Credits[edit] The rule that a film can only have one single director was adopted to preserve the continuity of a director's vision and to avoid producers and actors lobbying for a director's credit, or studios hiring multiple directors for a single film or television episode. The rule is waived only for directorial teams recognized by the DGA who have a history of working together and sharing a common vision. Examples include The Wachowskis, Jonathan Dayton and Valerie Faris, Hughes brothers, Russo Brothers, Phil Lord and Christopher Miller and the Coen brothers.[13] The Coens for years divided credit, with Ethan taking producing credit, Joel taking directing credit, and both of them sharing the writing credit (even though the two of them shared all three duties between themselves) until The Ladykillers in 2004. An example of the DGA refusing to recognize a directorial team was Robert Rodriguez and Frank Miller for Sin City; they were rejected because they had never worked together before; Rodriguez quit the DGA so that Miller would share director's credit.[13] In the past, the DGA has also engaged in disputes with the Writers Guild of America (WGA) over possessory credits, first used in the 1915 film The Birth of a Nation. The WGA tried to limit possessory credits to writers, but has always been successfully opposed by the DGA, leaving directors free to try to negotiate such credits if they wish.[14]

Non-member directors[edit] Not all Hollywood directors are DGA members. Notable exceptions include George Lucas and Robert Rodriguez.[13] Quentin Tarantino directed six feature films before becoming a DGA member, in 2012.[15] Those who are not members of the guild are unable to direct for the larger movie studios, which are signatories to the guild's agreements that all directors must be guild members.[13]

Leadership[edit] Directors Guild of America building on Sunset Boulevard. Thomas Schlamme has been president of the DGA since 2017 [16]. The following are the past Presidents of the Screen Directors Guild and the DGA:[citation needed] 1936–1938 King Vidor 1938–1941 Frank Capra 1941–1943 George Stevens 1943–1944 Mark Sandrich 1944–1946 John Cromwell 1946-1948 George Stevens 1948–1950 George Marshall 1950–1951 Joseph L. Mankiewicz 1951–1959 George Sidney 1959–1961 Frank Capra 1961–1967 George Sidney 1967–1971 Delbert Mann 1971–1975 Robert Wise 1975–1979 Robert Aldrich 1979–1981 George Schaefer 1981–1983 Jud Taylor 1983–1987 Gilbert Cates 1987–1989 Franklin J. Schaffner 1989–1993 Arthur Hiller 1993–1997 Gene Reynolds 1997–2002 Jack Shea 2002–2003 Martha Coolidge – The DGA's first female president. 2003–2009 Michael Apted 2009–2013 Taylor Hackford 2013–2017 Paris Barclay – The DGA's first black and first openly gay president.[17] 2017-present Thomas Schlamme - [18]

See also[edit] Organized labour portal Alan Smithee Runaway production Stage Directors and Choreographers Society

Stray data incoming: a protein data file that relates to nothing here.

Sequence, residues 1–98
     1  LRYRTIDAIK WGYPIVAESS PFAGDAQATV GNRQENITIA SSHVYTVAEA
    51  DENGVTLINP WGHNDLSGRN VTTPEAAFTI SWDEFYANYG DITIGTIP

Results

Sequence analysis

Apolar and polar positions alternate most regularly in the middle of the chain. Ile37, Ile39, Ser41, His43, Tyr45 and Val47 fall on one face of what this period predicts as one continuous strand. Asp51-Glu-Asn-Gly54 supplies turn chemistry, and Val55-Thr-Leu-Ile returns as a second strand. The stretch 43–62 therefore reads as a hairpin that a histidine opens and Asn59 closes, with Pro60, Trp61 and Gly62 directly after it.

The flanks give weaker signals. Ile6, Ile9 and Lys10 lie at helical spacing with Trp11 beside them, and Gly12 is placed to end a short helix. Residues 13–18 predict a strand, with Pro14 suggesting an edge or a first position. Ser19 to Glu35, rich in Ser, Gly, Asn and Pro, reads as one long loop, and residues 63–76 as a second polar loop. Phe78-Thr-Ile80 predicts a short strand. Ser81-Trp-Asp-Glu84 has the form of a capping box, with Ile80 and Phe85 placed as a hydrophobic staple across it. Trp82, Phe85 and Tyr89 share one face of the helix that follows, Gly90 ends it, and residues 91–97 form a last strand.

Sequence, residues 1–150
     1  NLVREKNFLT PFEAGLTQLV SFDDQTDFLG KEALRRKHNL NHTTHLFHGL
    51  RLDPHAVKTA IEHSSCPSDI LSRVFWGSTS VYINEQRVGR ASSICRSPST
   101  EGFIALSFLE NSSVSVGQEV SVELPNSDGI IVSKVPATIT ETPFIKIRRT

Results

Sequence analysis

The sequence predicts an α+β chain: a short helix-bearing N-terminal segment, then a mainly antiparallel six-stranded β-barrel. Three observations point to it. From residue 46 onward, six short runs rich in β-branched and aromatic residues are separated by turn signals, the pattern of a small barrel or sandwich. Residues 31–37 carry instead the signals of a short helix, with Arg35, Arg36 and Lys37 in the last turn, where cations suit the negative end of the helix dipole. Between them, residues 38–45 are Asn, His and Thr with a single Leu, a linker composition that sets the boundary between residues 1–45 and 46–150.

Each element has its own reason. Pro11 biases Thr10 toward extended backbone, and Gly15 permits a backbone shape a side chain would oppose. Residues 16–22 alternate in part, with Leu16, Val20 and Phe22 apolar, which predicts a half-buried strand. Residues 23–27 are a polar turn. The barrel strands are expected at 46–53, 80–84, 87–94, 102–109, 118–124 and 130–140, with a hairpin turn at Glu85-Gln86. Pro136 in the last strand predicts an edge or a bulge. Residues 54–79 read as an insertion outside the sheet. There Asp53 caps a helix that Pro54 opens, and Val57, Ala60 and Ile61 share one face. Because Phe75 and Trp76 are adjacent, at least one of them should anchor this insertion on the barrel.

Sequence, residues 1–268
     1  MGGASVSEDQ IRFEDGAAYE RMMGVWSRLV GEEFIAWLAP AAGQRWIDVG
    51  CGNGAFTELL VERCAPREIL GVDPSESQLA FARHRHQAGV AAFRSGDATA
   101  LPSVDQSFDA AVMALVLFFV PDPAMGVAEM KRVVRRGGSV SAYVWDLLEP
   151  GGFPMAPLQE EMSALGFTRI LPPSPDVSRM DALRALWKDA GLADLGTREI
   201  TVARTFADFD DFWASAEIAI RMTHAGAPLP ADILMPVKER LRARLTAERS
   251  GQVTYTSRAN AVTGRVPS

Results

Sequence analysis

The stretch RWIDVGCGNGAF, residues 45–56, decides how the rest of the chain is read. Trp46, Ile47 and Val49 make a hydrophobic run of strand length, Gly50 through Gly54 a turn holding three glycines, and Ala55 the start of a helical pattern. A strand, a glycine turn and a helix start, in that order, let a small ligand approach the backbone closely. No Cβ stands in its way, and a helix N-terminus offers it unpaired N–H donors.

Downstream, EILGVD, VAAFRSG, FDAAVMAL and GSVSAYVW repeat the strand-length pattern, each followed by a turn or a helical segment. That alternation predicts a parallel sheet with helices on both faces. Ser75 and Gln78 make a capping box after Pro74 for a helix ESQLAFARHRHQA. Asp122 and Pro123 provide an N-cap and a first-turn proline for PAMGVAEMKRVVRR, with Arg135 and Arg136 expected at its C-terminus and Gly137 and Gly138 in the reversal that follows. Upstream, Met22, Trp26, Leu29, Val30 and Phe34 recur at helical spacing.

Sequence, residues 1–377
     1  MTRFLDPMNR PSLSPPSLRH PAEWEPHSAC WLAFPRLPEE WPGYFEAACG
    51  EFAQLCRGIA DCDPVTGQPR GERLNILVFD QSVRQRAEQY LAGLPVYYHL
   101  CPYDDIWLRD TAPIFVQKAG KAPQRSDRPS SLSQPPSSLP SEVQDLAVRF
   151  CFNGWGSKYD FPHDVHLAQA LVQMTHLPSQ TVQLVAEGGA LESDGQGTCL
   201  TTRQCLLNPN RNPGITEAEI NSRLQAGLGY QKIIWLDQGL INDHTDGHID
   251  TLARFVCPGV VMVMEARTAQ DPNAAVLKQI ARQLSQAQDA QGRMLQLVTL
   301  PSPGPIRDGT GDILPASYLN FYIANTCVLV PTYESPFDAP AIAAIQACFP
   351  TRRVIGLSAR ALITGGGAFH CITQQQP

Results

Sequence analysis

References[edit] ^ a b "Directors Guild of America". About.  ^ "Thomas Schlamme Elected DGA President: National Board and Officers Chosen". Directors Guild of America. 2017-06-24. Retrieved 2017-07-05.  ^ McNary, Dave (January 30, 2012). "Apted takes DGA post after interim stint". Variety. Penske Media Corporation. Retrieved May 5, 2016.  ^ "Russell Hollander Succeeds Jay D. Roth as DGA National Executive Director". Directors Guild of America. Retrieved 5 July 2017.  ^ "Russ Hollander Officially Takes Over As DGA National Executive Director". Deadline. Retrieved 5 July 2017.  ^ Dawes, Amy (2011). "A More Perfect Union". DGA Quarterly. Retrieved May 5, 2016.  ^ a b US Department of Labor, Office of Labor-Management Standards. File number 000-018. (Search) ^ US Department of Labor, Office of Labor-Management Standards. File number 000-018. Report submitted March 27, 2014. ^ "DGA Basic Agreement". DGA Website. Retrieved 2017-03-10.  ^ "DGA Freelance Live and Tape Television Agreement". DGA Website. Retrieved 2017-03-10.  ^ Susan King, "Woody Allen, Martin Scorsese receive nominations for DGA Award", Los Angeles Times, January 9, 2012 ^ Scott Feinberg, "With DGA Win, 'The Artist' and Its Artist Look Virtually Unstoppable at Oscars", The Hollywood Reporter, January 29, 2012 ^ a b c d "Why Not Quit the Directors Guild? What Robert Rodriguez can and can't do". Slate. April 8, 2005. Retrieved December 9, 2011.  ^ Directors Guild of America Magazine, Possessory Credit Timeline Archived August 8, 2008, at the Wayback Machine., 28(6), February 2004 ^ "Membership Report - West Coast Additions" DGA Monthly Magazine, January 2012 ^ "Thomas Schlamme Elected DGA President: National Board and Officers Chosen". Directors Guild of America. Retrieved 5 July 2017.  ^ Matthew, Jacobs (June 26, 2013). "Directors Guild Of America Elects Paris Barclay First Black, Openly Gay President". Huffington Post.  ^ "Thomas Schlamme Elected Directors Guild President – Complete Election Results". Deadline. 2017-06-24. Retrieved 5 July 2017.